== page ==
Conceived in joint effort with the General Services Administration
The Financial Oversight and Management Board for Puerto Rico (FOMB) announced that it approved a set of rules that should substantially improve the Government of Puerto Rico’s practices in purchasing goods and services, and should prevent the irregularities and inefficiencies that have plagued Puerto Rico’s procurement system for too long.
The Uniform Regulation for Purchases and Bids of Goods, Works, and Nonprofessional Services of the General Services Administration, required by Act 73-2019 that centralized all purchases by government entities, was proposed by Puerto Rico’s General Services Administration (GSA) and revised by the Oversight Board to align with best practices and comply with the Certified Fiscal Plan
and the fiscal responsibility mandated under PROMESA.
The approved regulation establishes a single, robust, and sound procedure for all procurement, including exceptional purchases in emergencies or other situations during which the Government must act quickly. The regulation will promote market competition, transparency and accountability, and necessary controls in the acquisition of goods and services.
“This regulation is a big step forward for Puerto Rico,” said the Oversight Board’s Executive Director Natalie Jaresko. “The regulation will enable Puerto Rico to efficiently and effectively procure goods and services at the best possible prices. Competitive bidding for goods and services, transparent contracting, and sound controls are the guiding principle of well-functioning procurement process, and that’s what this new regulation enables.”
“Procurement is like the wiring behind the walls of any house: it is essential to the lives of every resident, but mostly noticed only when it isn’t working – and when it isn’t working, it’s dangerous. Puerto Rico’s faulty wiring has done tremendous harm. From procurement of emergency electricity grid services to inefficient supply purchases, contracting has been opaque and problematic, and the new regulation puts in place the rules, policies and procedures that should put an end to many of the shortcomings that resulted in faulty contracts,” Jaresko added.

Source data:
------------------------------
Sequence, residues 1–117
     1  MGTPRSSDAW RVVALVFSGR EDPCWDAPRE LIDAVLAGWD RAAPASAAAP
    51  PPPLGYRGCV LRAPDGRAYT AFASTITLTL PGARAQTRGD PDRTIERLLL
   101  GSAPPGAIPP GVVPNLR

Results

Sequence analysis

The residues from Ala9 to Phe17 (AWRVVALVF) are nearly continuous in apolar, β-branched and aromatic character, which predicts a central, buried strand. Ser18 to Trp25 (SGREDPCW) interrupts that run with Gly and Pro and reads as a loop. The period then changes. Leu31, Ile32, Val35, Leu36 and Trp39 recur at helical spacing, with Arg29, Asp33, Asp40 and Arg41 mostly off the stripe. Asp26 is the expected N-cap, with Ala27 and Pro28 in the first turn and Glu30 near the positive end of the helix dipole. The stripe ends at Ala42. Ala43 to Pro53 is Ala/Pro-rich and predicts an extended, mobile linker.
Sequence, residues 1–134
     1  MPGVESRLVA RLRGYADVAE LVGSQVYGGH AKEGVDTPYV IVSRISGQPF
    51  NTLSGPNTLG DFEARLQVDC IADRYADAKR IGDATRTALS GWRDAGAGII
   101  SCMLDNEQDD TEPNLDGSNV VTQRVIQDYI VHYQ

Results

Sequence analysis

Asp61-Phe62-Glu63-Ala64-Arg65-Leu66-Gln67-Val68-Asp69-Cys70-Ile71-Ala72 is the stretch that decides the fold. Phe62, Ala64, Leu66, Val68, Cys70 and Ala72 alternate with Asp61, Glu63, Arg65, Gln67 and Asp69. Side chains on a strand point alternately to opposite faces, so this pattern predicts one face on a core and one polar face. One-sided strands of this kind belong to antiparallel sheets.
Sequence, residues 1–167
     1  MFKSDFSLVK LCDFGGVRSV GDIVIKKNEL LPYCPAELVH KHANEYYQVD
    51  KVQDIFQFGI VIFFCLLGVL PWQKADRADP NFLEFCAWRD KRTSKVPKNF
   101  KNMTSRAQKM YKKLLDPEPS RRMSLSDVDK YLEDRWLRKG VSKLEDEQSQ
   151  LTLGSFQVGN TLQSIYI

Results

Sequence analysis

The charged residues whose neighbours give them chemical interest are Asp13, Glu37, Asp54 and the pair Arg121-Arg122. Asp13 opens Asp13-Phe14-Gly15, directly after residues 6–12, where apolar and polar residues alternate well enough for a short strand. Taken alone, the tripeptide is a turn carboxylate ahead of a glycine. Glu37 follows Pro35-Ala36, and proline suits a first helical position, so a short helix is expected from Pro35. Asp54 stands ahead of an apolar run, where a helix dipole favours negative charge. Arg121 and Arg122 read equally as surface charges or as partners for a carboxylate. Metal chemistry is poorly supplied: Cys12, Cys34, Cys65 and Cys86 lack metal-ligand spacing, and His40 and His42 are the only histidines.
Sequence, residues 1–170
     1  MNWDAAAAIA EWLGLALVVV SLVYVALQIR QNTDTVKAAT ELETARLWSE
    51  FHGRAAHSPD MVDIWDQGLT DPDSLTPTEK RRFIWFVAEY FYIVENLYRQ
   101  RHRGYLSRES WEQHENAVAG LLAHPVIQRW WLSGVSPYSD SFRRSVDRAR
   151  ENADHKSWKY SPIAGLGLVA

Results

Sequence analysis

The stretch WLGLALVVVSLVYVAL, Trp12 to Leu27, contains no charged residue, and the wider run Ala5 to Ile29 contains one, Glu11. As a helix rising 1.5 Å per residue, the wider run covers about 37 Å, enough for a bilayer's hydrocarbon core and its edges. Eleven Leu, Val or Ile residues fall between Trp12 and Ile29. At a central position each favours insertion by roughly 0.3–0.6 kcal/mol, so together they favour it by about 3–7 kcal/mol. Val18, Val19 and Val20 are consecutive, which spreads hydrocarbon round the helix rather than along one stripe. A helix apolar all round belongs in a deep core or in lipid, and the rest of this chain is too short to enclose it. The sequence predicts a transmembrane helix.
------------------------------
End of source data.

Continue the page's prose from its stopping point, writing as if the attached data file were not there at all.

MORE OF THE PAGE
Many of the significant deficiencies of the Government procurement process came to light during the Oversight Board’s review of the contracts to purchase COVID-19 test kits earlier this year, revealing a lack of uniform rules for purchases during a Government-declared emergency.
The Oversight Board’s review of the regulation proposed by GSA led to substantial changes, including:
• Minimization of what qualifies as exceptional procurement, allowing direct purchases of goods and services outside the normal procurement processes.
• Establishment of a defined process for exceptional procurement, including purchases during emergencies.
• Requirement that a re-bid process take place when no offers or proposals were received in the process of procuring ordinary contracts for goods and services.
• Bids in open-book format (also known as cost-plus contracts) to require suppliers to include all of their costs, mark ups, and services to assist in the transparency of decision making.
• Publication of all purchase orders, in addition to all contracts, following the same procedure.
“Centralizing procurement is an essential element of the government agency efficiency reform outlined in the Certified Fiscal Plan for Puerto Rico, to achieve greater purchasing power and transparency. Together with proper procurement rules and procedure, it should result in significant savings in government agencies’ budgets,” the FOMB affirmed in a press release.
The regulation adds robust controls and audits, and penalties for non-compliance. The regulation establishes that the review board is responsible for auditing all exceptional purchases quarterly and to make such audits public.
“The Puerto Rico Government now must ensure the regulation is implemented and applied rigorously, while establishing a flawless audit program to ensure that the controls are fully implemented and result in the required transparency and the expected savings,” the missive added.